It's a classic Trek morality tale, well-written and deftly-executed. The episode builds up quietly but effectively, culminating in some pretty electrifying courtroom scenes. Riker's case against Data (and the fact he dissembles then deactives him) is plain devastating and there is a powerful twist added when Picard seeks guidance from Guinan, who deals the wild card: this is an issue that has implications of slavery. That this observation is delivered by an African-American actress makes it all the more powerful and stirring.
A powerful episode...although I must question Starfleet's initial declaration that Data is their 'property'. A legal loophole maybe, but sure as hell paints Starfleet in a scarily fascist light.
After arriving at Starbase 173, where Picard also meets up with former court marshall prosecuting attorney and newly-appointed Judge of the sector Phillipa Louvois, Data is ordered to report to Commander Bruce Maddox as part of an experiment that hopes to lead to the creation of more Data-like androids for the Federation (Data's complicated technology and uniqueness has made duplication impossible). The experiment is highly threatening to Data's life and he therefore resigns from Starfleet in hopes to dodge his requirement to take part in the experiment. However, Maddox claims that Data is the product of Starfleet because he is not a sentient being - he is not truly alive - and he therefore has no choice in participating in the experiment. Picard challenges the ruling and because of the current limited staff for the Judge Advocate General (because of the relatively new assignment) regulations call for the defendant's Captain, Picard, to defend - and the 1st Officer, Riker, to prosecute.
"The Measure Of A Man" is a clear standout in Star Trek: TNG's second season - as well as the overall series. Bringing her own experience as an attorney to this terrific courtroom drama style TNG episode, Melinda M. Snodgrass writes an intelligent, engaging, and character-centered story (contrary to what some might think, the greatest focus is actually on Picard). Brent Spiner, Jonathan Frakes, and especially Patrick Stewart all give examples of absolutely exemplary acting - Spiner giving an interesting turn as a truly vulnerable Data, Frakes as an unhappily doing his duty Riker, and Stewart as a man standing up for his friend as much as his morals.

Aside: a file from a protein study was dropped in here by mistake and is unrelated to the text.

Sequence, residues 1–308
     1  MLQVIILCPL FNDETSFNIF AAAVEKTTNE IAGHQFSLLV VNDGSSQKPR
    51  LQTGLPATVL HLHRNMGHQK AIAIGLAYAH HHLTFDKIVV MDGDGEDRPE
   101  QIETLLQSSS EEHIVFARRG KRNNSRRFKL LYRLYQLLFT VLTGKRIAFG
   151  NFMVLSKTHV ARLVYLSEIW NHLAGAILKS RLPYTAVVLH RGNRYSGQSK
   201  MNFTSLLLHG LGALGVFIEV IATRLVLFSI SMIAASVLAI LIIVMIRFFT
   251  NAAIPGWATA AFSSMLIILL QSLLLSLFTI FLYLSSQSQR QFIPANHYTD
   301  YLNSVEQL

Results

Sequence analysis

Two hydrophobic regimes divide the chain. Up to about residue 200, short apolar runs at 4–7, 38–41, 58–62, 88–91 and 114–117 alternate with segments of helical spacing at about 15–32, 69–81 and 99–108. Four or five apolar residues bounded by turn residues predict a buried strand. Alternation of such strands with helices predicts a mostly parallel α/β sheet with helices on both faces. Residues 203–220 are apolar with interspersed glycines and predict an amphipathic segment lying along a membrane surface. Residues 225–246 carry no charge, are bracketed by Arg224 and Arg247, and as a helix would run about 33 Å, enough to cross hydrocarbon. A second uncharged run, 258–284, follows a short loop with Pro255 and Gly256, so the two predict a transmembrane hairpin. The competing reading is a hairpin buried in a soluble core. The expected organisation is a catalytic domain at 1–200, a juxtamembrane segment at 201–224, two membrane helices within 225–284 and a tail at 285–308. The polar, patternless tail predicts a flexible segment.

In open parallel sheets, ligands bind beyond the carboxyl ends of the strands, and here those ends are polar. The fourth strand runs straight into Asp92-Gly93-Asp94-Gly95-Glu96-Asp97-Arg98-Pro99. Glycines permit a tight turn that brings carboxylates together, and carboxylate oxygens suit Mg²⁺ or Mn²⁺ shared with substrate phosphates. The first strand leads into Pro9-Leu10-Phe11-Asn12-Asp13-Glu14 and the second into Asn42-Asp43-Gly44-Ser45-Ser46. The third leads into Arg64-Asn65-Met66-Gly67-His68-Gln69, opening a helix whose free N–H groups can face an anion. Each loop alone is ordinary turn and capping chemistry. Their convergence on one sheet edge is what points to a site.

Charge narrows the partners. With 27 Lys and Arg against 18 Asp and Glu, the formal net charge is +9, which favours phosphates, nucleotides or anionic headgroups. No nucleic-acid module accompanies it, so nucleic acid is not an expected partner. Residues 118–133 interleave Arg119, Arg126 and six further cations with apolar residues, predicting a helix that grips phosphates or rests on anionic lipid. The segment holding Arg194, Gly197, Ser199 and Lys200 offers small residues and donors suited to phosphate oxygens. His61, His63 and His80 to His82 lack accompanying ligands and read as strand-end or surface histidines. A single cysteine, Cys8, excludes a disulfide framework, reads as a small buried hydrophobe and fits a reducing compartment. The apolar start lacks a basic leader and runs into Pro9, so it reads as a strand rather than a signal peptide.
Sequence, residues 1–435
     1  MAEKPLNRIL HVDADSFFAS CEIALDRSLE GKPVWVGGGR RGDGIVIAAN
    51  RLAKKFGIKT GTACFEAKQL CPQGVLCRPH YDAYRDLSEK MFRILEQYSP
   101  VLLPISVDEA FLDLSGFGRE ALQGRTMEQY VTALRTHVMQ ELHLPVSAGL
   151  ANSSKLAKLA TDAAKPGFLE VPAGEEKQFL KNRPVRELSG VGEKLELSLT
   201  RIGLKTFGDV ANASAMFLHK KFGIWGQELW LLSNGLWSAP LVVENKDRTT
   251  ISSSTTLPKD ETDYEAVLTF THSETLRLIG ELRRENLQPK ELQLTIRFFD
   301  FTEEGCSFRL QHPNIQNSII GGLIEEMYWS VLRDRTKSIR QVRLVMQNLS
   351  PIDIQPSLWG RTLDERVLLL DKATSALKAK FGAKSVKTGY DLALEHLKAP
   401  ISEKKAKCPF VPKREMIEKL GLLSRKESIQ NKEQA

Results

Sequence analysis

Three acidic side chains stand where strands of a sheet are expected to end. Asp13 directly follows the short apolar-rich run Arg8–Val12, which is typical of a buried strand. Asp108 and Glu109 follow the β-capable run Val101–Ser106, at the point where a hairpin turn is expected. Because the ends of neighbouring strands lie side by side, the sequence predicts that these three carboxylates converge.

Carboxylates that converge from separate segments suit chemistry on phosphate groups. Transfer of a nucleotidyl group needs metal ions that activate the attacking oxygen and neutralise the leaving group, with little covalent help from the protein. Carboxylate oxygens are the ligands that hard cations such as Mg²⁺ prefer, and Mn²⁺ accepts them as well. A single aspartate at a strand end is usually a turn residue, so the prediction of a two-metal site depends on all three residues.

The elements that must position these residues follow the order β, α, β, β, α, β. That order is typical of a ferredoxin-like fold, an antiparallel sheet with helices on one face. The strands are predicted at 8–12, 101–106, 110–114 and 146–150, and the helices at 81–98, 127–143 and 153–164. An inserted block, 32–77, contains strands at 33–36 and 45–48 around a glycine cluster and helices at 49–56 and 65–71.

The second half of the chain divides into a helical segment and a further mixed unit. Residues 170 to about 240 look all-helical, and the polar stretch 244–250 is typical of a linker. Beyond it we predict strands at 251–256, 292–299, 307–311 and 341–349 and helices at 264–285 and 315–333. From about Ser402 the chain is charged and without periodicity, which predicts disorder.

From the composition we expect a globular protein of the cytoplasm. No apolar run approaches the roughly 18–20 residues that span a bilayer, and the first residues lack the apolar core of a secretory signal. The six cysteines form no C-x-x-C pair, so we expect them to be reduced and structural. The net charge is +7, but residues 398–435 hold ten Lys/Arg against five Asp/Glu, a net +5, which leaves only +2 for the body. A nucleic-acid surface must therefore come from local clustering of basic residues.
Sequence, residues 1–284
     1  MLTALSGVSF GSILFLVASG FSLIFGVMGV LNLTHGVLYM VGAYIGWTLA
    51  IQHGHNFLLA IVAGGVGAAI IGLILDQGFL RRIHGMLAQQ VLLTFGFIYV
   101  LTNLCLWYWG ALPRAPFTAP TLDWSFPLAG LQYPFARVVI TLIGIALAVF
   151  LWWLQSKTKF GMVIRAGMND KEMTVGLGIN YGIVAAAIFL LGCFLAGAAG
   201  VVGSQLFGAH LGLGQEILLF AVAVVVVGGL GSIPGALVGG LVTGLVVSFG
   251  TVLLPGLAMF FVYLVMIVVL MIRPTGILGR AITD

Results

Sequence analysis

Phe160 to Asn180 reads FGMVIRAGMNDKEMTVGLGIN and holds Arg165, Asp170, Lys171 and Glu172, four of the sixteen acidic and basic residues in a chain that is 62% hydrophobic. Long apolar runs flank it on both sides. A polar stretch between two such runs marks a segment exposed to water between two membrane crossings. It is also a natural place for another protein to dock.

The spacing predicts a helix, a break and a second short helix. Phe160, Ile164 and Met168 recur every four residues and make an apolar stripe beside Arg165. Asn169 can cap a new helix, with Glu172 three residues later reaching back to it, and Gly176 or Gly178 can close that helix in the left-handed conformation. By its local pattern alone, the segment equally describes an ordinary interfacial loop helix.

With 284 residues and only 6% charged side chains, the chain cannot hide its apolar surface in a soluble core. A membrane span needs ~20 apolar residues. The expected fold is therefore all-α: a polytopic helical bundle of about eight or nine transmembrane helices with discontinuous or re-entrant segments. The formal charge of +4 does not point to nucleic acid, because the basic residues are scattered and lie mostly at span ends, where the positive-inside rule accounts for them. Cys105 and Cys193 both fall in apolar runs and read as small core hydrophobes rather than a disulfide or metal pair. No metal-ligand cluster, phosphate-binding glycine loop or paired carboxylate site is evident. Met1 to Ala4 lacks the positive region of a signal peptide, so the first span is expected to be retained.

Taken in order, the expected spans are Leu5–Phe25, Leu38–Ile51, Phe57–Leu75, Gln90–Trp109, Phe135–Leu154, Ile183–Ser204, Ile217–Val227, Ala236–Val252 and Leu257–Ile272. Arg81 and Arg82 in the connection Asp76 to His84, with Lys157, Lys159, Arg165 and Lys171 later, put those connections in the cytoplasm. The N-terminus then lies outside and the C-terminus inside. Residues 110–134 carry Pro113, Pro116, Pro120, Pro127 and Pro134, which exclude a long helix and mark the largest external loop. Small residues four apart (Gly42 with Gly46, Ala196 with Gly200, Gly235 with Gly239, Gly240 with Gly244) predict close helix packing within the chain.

What the episode does particularly well is take the viewer along in this great debate. We all know that Data is a machine - but we all know that he has life and accompanying rights. However, we also do not really know why. Then there is the other side: that Data's being a machine makes him not alive and makes him property. We see both sides while wanting Data to come out of the situation OK.
The episode's only slight trip-up is that Amanda McBroom and Brian Brophy play their guest roles a little too robotically for the irony of it all to be a sufficient cover up.
A slow paced episode that relies on the conflict stirred up by a scientist that treats Data as property and wants to dissect him for research.
The plot stands on its own, without any other subplots. However, the theme of slavery is touched upon - based on the fact that Data is sentient and though not human, any forced decisions that he must take would be akin to what happened to the people of Africa, as humans cannot necessarily make the best judgement as to what is sentient.
The main struggle is between Picard (Data rep) and Ryker (Federation). THe location is based almost entirely on a starbase. Though not that stunning its a good example of what starbases look like, esp. the exterior scenes depicting an approaching Enterprise.